Sacramento DSA Executive Board Member Bryce Miller-Williams shares his thoughts on the District Attorney's decision to not bring charges against the police officers involved in the murder of Stephon Clark.
As I begin to write this statement, I come to a crossroads. Do I write this statement in a voice that is representative of DSA’s emotions and opinions, or I do speak in a voice that is uniquely my own - but still has the full weight and support of DSA behind it? I choose the latter, because I have the unique perspective of being a twenty something black man who could just as easily be chased down and shot by a police force that does not see me as a human. It is the same kind of perspective that was silenced over a year ago, that same voice of Stephon Clark - who will not find any justice, as this system based on white supremacy has decided his death is just an unfortunate accident of regular police practices.
How many times have I heard that? ‘“It’s what the police are there for.” “They had to be fearful of their own life to do such a thing.” “I’m sure if they did anything wrong they would have had charges brought against them.” Excuse after excuse, reasoning after reasoning; none of them can fill a family's void, none can make those tears of sorrow stop. Instead the decisions of our police force and DA have worked to make a community aware; aware that there is a group of people who will never have justice. In all honesty it just confirms our worst fears and validates our conviction: Our struggle is only our struggle.
However, while I write that statement, I challenge that statement. I look at my fellow non-black comrades who went out to the press conference and reported back to us all, who protested and gathered information, who went to the front lines and made the cops hear our voice because they used their own skin colored privilege. I thank them. It is those actions that give me hope that maybe our struggle is far more encompassing; that there is a possibility that the city is not against us. These actions give me hope that black Americans as a whole, and quite possibly the city as a whole, see Stephon Clark as more that just another body in the ground. Maybe they see him as the son of a proud mother and city, maybe they see him as a brother they could run into while downtown, maybe they see a little of themselves in this him and realize they could be in the same situation. Possibly it leads them to ask themselves, “would I want to see justice and retribution if I was murdered without real cause?”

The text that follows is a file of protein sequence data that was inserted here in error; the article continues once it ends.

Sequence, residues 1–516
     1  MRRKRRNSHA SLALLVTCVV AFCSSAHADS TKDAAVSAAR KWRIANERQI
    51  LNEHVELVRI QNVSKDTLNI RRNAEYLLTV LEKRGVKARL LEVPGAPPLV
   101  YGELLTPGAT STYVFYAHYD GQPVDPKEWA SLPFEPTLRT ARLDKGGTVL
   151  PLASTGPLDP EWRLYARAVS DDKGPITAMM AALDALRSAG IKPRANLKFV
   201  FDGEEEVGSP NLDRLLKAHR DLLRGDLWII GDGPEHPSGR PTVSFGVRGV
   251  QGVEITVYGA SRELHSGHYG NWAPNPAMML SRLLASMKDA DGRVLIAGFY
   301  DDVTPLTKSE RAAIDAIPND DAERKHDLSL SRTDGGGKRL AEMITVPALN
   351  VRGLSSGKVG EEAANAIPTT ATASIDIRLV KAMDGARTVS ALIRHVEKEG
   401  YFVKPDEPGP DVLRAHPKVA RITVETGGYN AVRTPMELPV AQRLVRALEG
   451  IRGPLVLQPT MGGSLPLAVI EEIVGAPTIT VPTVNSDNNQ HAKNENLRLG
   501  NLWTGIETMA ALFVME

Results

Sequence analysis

As a black son of Sacramento, I wholeheartedly say I want justice for my brother. As a board member of DSA, I wholeheartedly say I want justice for my comrade. This decision by the DA (Anne Marie Schubert) will not stop us from seeking justice, it will not silence us, and it will not divide us. DSA stands with Black Lives Matter (BLM) on this issue, and while we will be supportive and present at these events, you will not see our symbols there. This is bigger than DSA political views, this is about the lives of our black comrades who our city has decided are worth so little. You will see us dressed in black for mourning, in solidarity, and to show that we are one city and if our supposed leadership has no desire to preserve black lives, then we do. We believe that through continual activism and civil action that when this is over Sacramento will stand as one and say “I am Stephon Clark. We demand Justice.”
Bryce Miller-Williams, E-Board Organizer
Nick Clyde, E-Board Secretary
Austin Cunningham, E-Board Treasurer
James Jay Jackson, Jr., E-Board Organizer
Jonah Paul, E-Board Co-chair
Cori Ring-Martinez, E-Board Co-chair
Shelby Stephan, E-Board Organizer